To bolster the number of women in TVET education and jobs, Qatar must continue to emphasize technical vocational education and training for women while making technical careers more competitive in terms of pay and stature. Labor market policies must be pursued that reduce the pay and benefit differentials between the public sector and private sector employment in technical industries. An initial step in achieving this is identifying economic sectors with the potential to generate high skill, high wage employment opportunities for women. Given Qatar’s strong economic performance in the finance, aviation, and hospitality industries, these might be areas to expand TVET options.

A long-term public awareness campaign that highlights women who are successful in TVET fields and focuses on the value of TVET to Qatar’s development will also be essential. Young women need more female role models in technical fields and must be exposed to technical industries through structured programs and partnerships. Employers which require technically trained staff must also make a concerted effort to entice more women into technical sectors of the labor market by engaging universities and training institutes, providing directed career guidance, and offering scholarships. On-the-job training and mentorships can further enhance the role of women in technical careers in Qatar.

The Role of Women Beyond 2022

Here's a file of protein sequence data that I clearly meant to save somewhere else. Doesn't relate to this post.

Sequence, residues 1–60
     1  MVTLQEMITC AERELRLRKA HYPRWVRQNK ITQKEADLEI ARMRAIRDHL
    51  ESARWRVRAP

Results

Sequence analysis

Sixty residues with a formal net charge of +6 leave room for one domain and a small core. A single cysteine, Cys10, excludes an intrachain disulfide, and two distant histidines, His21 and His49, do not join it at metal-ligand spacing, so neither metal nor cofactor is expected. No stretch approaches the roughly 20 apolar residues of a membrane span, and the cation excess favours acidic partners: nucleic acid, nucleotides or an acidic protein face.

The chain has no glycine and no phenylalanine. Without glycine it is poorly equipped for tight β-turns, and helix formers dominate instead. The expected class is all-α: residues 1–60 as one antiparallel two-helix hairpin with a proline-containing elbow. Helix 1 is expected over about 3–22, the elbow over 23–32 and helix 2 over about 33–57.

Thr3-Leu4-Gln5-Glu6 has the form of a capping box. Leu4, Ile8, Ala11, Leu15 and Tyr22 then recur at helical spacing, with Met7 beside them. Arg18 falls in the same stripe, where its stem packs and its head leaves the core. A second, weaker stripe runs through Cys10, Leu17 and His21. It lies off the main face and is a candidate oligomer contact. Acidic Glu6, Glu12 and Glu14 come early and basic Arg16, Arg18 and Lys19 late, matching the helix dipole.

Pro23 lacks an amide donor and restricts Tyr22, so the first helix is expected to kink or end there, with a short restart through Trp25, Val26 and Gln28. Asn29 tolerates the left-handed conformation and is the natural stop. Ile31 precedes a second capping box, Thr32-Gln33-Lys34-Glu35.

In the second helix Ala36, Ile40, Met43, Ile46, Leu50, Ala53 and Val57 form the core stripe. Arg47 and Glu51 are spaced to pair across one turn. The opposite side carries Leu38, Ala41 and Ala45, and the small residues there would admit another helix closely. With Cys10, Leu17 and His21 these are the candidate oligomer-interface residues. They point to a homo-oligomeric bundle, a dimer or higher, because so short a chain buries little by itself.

While some have suggested that the awarding of the World Cup 2022 to Qatar has brought clarity as to economic sectors that could provide employment opportunities over the next several years, Qatar must continue to retain its focus on 2030 and beyond. While the World Cup will create economic and job opportunities over the next decade, it remains unclear if these positions will be of interest to women and whether the employment opportunities created will be in line with Qatar’s focus on creating innovative, skilled industries associated with knowledge economies. As the recent Olympics held in London showed, many of the jobs created by large showcase events are concentrated in the construction and retail sectors which currently do not offer sufficient wages to attract Qataris. Qatar will have to think hard about whether gearing the education and training system to accommodate large scale events like the World Cup may ultimately stray from the vision articulated in the Qatar National Vision 2030 and National Development Strategy which emphasizes the development of innovation-driven, knowledge-based industries which can sustain Qatar’s rapid economic growth into the future.